This image was one that was particularly hard to guess right, since there really is not much difference between a huge octadome softbox, or soft indirect light flooding in from a window. And that background which is a white wall, could equally well have been a white seamless backdrop.
Here is another image from a sequence of this model.
image 07 – flash was used
settings – 1/40th @ f3.5 @ 1600 ISO.
The three flower girls were standing in this lobby where the light is very top-heavy, and I bounced flash behind me off those walls, to help lift the shadow areas.
image 08 – all available light
settings – 1/80th @ f1.6 @ 1000 ISO.
This was also a tough image to guess correctly, since the area was flooded with tungsten lights (although not very powerful.) Touching up the white balance and contrast and saturation as part of my normal raw workflow, gave a nice punchy image.
image 09 – a touch of fill-flash:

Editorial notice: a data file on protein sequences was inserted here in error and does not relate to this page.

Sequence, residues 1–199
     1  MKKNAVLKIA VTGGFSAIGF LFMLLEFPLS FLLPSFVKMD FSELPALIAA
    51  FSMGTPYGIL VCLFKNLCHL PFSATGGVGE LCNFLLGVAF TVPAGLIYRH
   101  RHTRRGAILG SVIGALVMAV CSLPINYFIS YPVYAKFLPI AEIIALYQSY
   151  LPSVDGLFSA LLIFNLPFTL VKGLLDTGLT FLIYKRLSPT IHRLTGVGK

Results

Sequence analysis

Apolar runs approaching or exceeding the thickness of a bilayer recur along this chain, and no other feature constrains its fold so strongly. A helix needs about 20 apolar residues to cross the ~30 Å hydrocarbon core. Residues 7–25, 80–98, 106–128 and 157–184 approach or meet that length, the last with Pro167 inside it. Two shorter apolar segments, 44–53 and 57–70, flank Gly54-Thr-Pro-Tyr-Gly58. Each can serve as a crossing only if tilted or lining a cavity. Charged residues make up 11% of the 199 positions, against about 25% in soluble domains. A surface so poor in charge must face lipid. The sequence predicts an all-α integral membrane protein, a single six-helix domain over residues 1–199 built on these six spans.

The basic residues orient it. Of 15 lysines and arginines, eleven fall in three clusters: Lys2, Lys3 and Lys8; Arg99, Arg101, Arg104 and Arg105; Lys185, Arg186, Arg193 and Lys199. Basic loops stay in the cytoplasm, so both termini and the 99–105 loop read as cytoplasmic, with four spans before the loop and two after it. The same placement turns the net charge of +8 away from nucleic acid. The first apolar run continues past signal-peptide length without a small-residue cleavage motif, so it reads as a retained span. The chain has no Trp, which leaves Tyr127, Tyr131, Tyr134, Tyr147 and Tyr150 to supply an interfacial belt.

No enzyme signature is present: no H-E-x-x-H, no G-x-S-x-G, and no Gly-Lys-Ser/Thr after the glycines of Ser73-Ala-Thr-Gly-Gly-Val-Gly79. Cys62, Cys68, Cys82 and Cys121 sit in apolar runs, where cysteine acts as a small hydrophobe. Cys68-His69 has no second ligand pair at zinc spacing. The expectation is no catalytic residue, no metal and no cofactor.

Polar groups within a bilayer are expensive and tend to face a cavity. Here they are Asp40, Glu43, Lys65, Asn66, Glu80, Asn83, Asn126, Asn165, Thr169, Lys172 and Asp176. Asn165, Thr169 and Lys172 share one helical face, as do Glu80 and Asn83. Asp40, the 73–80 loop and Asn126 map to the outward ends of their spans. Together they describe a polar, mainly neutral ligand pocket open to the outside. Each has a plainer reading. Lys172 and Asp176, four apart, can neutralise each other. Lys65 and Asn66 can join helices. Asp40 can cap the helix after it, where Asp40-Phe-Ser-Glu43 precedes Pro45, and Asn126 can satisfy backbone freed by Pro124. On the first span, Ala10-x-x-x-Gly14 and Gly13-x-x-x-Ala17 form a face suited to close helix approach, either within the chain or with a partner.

settings: 1/200th @ f2 @ 1000 ISO. flash exposure compensation at -3 EV.
This is another image that is nearly impossible to guess correctly, since the flash was just a touch of (direct) fill-flash, used as described in this thread – straight on. As mentioned in that thread, when the flash is very low in power and just helps to lift some shadow detail, it remains mostly imperceptible, even if used straight-on.
image 10 – flash:
settings – 1/60th @ f6.3 @ 500 ISO. Flash exposure compensation 0 EV.
Where some of the other images were particularly hard to guess, I thought this image was fairly obvious that it was all flash. Very little available light that registered. I stood on a chair in front of the bride, and pointed my speedlight at the wall directly behind her, shielding my flash from her. This was essential in having no flash directly from the camera’s point of view. In this way, she blocked the light, and cast the flowers and her arms in shadow – all of which are now light by indirectly bounced flash. This gives form and shape to the image.
Perhaps it is an image that is hard to guess whether flash as used or not, since the effect would’ve been similar if she had sat with her back to a large window in the room.